A few weeks back, I was both surprised and delighted to find a supply of a particular variety of heritage apple in our local organic supermarket, Village Greens in Prestwich, Manchester.
VGs stock a regularly-changing roster of modern and heritage organic apples, along with some rather superb single-variety apple juices, from Oakwood Farm in Suffolk. On this particular visit I and when I popped in they happened to have a batch of ‘Norfolk Beefing’ on sale.
The ‘Norfolk Beefing’ (or ‘Norfolk Biffin’) is an apple I’ve read about in various heritage apple guides and have been hugely intrigued by as a result. In Caroline Ball’s superb book Heritage Apples (Bodleian Library, 2019), the author describes it as a “dark-flushed apple with meaty, acidic flesh that mellows to sweetness with a touch of cinnamon by spring”, which is delicious-sounding enough on its own merits. And then, as with so many mentions of the Beefing, the next paragraph describes the Victorian “biffin” dessert:
“[A] type of half-preserved apple sweetmeat … Apples, left whole and sometimes stuffed with citrus peel, would be coated with sugar and baked for hours in a cool oven with a press over them to flatten them as they cooked.”Heritage Apples pp. 152
The original toffee apple, perhaps? Or something else entirely? In any case, it sounds like something I’d want to try to make and cook, just for the sheer fun of re-discovering an old recipe, if nothing else.
First though, I had to get hold of a Norfolk Beefing or two. I honestly thought I’d have to go to Norfolk in the Autumn before I managed to find any. But no, there they were, ripe and ready, and so of course I bought a couple and brought them home.
Further reading on Wikipedia reveals that back in their heyday biffins were baked en-masse in a cooling baker’s bread oven. Modern accounts of biffin-making advise leaving them in a low oven overnight, with one source suggesting that eighteen hours at 90oC gets you a soggy, sort-of biffin as a result. It’s a starting point, certainly.
That’s when I hit my dilemma. I don’t have access to baker’s oven, and only two Beefing apples, which leaves me with the oven method. But eighteen hours? That’s difficult. My wife and I are trying really hard to cut down on our power usage as part of our efforts to minimise our environmental impact, so leaving the oven on that long just to dry out a couple of apples is really difficult to justify.
What other cooking methods might there be? Well, the apples are too large to load into our dehydrator without slicing, which would give me dried apple slices, not biffins. Our air-fryer would use less electricity, but even on the lowest setting would probably bake them without drying them – it’s a sealed unit, so the steam wouldn’t escape – and it only has a 30 minute maximum timer, so re-setting it every half hour would be a royal pain. Likewise, a pressure cooker would cook them in a fraction of the time, but by baking or stewing rather than drying.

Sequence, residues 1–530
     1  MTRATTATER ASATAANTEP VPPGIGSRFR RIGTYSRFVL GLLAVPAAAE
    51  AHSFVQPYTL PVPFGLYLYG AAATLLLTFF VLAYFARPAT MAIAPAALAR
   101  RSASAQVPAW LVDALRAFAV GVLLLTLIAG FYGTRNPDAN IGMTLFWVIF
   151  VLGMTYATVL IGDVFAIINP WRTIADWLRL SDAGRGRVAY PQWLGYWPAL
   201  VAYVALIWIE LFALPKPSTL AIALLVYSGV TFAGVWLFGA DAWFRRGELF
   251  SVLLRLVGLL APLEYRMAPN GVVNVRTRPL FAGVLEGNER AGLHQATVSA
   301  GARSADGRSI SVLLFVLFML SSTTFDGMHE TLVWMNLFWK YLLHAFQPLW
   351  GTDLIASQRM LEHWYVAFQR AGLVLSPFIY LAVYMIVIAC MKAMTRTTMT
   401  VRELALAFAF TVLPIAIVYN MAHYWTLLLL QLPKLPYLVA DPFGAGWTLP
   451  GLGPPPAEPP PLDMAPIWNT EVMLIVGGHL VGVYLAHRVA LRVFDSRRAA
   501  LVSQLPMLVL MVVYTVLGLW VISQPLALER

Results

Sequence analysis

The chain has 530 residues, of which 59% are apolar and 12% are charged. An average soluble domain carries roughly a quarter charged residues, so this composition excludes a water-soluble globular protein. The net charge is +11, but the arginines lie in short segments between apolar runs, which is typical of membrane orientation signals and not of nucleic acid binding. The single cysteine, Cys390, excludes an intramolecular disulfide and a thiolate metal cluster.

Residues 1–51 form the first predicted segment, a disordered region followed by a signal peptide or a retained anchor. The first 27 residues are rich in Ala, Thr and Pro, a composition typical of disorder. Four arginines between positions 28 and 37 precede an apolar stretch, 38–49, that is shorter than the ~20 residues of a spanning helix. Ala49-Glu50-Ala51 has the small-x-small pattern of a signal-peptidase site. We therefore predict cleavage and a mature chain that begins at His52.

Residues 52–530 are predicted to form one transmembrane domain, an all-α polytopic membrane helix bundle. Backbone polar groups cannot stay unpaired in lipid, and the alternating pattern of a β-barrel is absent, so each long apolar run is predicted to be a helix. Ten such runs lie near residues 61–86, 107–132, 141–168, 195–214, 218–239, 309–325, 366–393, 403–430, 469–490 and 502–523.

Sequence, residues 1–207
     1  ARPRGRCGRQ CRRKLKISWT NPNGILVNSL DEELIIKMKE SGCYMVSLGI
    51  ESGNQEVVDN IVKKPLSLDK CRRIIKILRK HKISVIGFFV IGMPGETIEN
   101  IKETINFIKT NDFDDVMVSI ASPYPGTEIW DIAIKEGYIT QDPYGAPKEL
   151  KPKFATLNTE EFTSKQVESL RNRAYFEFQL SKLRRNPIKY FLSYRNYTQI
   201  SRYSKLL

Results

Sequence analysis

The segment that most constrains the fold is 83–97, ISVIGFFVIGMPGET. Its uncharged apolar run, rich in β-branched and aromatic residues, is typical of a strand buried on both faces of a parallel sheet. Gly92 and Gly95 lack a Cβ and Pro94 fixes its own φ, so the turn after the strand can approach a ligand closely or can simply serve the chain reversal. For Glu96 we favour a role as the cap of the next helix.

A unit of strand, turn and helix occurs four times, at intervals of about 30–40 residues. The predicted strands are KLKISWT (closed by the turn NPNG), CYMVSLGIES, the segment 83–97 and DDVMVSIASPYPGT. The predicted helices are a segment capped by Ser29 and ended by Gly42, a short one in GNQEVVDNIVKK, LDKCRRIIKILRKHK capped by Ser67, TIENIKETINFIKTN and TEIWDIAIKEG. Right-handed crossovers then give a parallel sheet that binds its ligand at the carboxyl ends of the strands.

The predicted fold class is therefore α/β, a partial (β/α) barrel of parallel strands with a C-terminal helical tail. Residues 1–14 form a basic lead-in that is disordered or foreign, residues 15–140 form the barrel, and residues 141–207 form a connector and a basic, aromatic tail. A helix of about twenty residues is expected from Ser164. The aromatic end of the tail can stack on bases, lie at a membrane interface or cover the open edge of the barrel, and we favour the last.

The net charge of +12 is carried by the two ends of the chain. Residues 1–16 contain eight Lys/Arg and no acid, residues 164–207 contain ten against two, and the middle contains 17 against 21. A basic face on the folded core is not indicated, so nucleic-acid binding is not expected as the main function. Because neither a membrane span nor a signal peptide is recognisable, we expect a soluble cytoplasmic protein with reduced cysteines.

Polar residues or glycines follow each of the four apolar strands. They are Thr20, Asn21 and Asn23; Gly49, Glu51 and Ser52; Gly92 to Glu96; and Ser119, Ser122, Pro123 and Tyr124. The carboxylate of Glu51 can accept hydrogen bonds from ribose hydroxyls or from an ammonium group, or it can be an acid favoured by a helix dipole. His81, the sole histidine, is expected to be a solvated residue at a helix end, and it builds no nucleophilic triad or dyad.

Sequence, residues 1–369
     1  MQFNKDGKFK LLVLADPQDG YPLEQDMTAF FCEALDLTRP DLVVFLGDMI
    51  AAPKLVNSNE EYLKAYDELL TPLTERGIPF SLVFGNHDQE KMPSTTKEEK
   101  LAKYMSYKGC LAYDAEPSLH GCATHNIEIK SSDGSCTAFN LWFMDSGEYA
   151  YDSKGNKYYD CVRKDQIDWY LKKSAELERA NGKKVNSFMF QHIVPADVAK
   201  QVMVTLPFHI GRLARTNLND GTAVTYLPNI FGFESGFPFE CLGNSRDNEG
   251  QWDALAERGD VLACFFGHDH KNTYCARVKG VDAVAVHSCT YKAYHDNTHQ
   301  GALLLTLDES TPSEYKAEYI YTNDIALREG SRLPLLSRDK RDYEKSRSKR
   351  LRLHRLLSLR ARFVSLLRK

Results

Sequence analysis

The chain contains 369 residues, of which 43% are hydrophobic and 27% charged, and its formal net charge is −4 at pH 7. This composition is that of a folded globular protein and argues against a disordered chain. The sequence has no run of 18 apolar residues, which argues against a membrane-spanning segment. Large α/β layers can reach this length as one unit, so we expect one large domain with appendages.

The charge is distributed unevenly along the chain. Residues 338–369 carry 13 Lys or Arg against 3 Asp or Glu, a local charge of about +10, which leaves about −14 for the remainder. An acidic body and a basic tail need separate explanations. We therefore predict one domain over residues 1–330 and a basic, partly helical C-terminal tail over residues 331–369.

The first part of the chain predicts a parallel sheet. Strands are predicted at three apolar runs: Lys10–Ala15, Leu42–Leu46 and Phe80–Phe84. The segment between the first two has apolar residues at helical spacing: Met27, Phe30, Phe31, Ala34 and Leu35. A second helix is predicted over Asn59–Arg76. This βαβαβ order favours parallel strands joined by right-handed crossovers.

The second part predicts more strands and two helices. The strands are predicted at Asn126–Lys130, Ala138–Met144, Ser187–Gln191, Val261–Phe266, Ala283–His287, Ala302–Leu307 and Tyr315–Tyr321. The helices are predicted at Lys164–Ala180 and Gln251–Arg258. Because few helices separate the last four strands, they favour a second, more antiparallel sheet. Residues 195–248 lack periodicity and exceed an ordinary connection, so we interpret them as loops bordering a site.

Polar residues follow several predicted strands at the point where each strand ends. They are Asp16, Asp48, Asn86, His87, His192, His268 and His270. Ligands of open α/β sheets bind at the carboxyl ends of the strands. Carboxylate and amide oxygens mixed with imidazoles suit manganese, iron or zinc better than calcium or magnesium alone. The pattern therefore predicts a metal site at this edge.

Which I think leaves me with the not-quite-biffin option of baking the Beefings in the usual baked-apple manner, or adding them to a crumble or stewing them down for porridge-topping. I rather suspect I will end up stewing them (actually, one of them seems to be bruised and is starting to go bad, so I’ll have to be quick about it anyhow) and my quest for a biffin will have to go unfulfilled for now.
Perhaps one day I’ll be strolling through a farmer’s market somewhere and there they’ll be; sugar-coated, browned and wrinkled, waiting for me to pounce and devour…
Or perhaps there’s a traditional baker somewhere in Norfolk with a large brick oven, who happens to know an orchard that grows Norfolk Beefing apples, and between them they might be able to bake a btach of biffins and set up a supply run to a certain organic supermarket up in Prestwich…
Hey, you never know, it might just happen.
How great to hear of a Beefing (and biffin) enthusiast … and I just don’t know why it’s taken me so long to find this post when you were so complimentary about ‘Heritage Apples’! I’d love to know if you did find a way to make your own biffins. And fyi, Norfolk Beefing gets a mention in the latest podcast on Sarah Wilson’s great Roots and All website (https://rootsandall.co.uk/thepodcast/) where we discuss the whats and whys of heritage apples in a virtual contribution to Apple Day.
Hi Caroline – I never did go full Biffin as I only had the two. (They were delicious as a baked apple though, great texture and flavour.) I was twitter-chatting about biffins with @netherfield34 recently, so they might have tried to cook up a batch.
Thank you very much for the podcast tip, I’ll give that a listening-to later on 🙂
Absolutely loved your book, by the way. I’m planning to give it a re-read this Autumn, along with a couple of other core apple texts.